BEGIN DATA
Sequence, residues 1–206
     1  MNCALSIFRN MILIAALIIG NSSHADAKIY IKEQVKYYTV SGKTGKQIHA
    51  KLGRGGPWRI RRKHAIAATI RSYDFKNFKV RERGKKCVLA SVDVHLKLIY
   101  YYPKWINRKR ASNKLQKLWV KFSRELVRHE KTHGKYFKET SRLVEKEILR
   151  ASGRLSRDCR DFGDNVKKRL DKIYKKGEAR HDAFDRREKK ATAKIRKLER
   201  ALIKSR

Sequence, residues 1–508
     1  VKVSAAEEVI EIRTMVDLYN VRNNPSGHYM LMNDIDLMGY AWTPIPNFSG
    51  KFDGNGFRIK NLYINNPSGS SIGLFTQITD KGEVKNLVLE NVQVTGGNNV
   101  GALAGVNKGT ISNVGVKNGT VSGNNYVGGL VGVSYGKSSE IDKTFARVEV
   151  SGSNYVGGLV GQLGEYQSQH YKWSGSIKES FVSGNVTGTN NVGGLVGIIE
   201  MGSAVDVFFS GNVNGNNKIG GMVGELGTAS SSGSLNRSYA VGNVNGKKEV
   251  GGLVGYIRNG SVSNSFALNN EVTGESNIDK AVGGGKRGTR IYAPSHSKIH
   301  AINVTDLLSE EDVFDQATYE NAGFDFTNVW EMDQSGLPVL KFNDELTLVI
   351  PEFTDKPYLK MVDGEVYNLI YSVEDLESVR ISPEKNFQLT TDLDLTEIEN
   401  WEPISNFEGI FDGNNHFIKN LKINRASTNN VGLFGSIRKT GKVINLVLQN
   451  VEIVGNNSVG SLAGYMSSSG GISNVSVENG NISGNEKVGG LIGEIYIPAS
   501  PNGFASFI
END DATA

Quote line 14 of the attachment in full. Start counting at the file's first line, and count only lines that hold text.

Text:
   301  AINVTDLLSE EDVFDQATYE NAGFDFTNVW EMDQSGLPVL KFNDELTLVI